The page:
Frederick Douglass by William S. McFeely

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Synopsis

This biography of Frederick Douglass covers the life of an orator, abolitionist and writer. Douglass was one of the most powerful voices for freedom in the United States and his autobiographies ("Narrative of the Life of Frederick Douglass") have shaped the American view of slavery. In this biography, McFeely presents Douglass as a central figure of his time, who identified slavery as the cause of the Civil War. He also examines fully the complex relationship Douglass maintained with his illiterate wife, his children who were for ever in awe of their famous father and well-educated women friends.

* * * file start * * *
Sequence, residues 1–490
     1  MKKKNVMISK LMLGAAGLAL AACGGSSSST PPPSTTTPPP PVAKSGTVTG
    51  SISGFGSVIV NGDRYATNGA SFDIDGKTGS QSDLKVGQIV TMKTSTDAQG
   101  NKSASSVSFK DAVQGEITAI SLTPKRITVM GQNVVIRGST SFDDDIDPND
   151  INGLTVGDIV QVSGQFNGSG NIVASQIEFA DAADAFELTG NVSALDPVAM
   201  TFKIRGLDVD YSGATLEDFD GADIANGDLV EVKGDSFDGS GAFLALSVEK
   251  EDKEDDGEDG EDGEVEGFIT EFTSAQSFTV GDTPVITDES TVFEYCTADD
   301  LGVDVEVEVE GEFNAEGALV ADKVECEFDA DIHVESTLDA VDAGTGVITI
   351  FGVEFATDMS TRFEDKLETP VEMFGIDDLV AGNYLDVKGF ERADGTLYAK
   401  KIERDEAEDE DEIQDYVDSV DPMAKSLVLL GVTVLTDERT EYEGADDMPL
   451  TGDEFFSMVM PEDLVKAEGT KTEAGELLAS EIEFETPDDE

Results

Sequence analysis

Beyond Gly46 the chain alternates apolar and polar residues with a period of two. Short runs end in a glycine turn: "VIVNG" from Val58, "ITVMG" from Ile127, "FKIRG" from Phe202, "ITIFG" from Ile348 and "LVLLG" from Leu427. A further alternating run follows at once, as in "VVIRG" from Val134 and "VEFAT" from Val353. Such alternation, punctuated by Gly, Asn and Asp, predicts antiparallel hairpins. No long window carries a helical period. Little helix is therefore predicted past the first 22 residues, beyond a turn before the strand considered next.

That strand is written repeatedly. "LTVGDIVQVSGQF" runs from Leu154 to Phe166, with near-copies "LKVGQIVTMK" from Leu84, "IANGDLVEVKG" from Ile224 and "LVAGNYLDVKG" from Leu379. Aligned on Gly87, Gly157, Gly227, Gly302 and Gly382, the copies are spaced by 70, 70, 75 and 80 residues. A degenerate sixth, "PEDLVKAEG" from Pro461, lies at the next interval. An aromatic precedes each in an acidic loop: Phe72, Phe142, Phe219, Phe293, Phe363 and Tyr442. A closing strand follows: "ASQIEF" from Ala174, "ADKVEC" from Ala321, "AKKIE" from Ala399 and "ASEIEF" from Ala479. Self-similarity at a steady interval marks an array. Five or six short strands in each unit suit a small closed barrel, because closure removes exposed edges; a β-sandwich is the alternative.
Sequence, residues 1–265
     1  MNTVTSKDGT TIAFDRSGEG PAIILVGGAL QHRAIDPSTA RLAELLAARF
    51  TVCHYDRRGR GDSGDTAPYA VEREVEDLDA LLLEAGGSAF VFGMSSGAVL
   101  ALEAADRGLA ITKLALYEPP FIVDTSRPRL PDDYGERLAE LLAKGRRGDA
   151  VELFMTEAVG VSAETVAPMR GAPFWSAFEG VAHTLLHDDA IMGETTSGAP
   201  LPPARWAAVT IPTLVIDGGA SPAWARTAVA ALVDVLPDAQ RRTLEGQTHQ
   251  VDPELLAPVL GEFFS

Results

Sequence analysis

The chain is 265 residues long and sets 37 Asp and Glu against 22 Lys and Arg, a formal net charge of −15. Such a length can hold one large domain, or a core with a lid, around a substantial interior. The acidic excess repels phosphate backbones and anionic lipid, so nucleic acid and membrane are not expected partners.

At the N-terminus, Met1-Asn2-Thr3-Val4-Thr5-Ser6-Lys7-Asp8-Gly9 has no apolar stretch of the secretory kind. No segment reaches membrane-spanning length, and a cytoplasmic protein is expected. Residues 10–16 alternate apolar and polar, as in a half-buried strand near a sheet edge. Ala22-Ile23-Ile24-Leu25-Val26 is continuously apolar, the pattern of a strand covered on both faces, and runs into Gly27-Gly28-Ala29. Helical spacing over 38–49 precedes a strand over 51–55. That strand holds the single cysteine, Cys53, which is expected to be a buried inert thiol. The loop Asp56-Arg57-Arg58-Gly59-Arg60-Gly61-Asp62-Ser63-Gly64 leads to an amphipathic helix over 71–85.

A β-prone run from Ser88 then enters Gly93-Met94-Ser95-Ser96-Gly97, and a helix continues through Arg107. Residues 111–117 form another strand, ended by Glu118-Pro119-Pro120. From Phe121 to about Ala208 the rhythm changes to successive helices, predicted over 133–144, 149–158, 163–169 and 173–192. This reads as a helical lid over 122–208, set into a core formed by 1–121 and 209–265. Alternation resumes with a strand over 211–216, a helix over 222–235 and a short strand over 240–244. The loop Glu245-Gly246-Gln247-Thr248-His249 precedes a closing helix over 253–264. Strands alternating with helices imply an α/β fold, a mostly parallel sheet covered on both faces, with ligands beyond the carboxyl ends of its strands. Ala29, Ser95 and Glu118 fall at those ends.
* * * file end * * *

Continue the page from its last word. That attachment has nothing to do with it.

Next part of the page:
About William S. McFeely

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McFeely has written the Pulitzer Prize-winning biography Grant, as well as other important works of history. He lives in Wellfleet, Massachusetts.
 
Published January 1, 1991 by W W Norton & Co Inc. 480 pages
Genres: Biographies & Memoirs, History, War, Political & Social Sciences. Non-fiction

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Historian McFeeley's biography recounts Douglass's transformation from self-taught escaped slave to the preeminent 19th-century civil rights leader. (Oct.)

Oct 02 1995 | Read Full Review of Frederick Douglass

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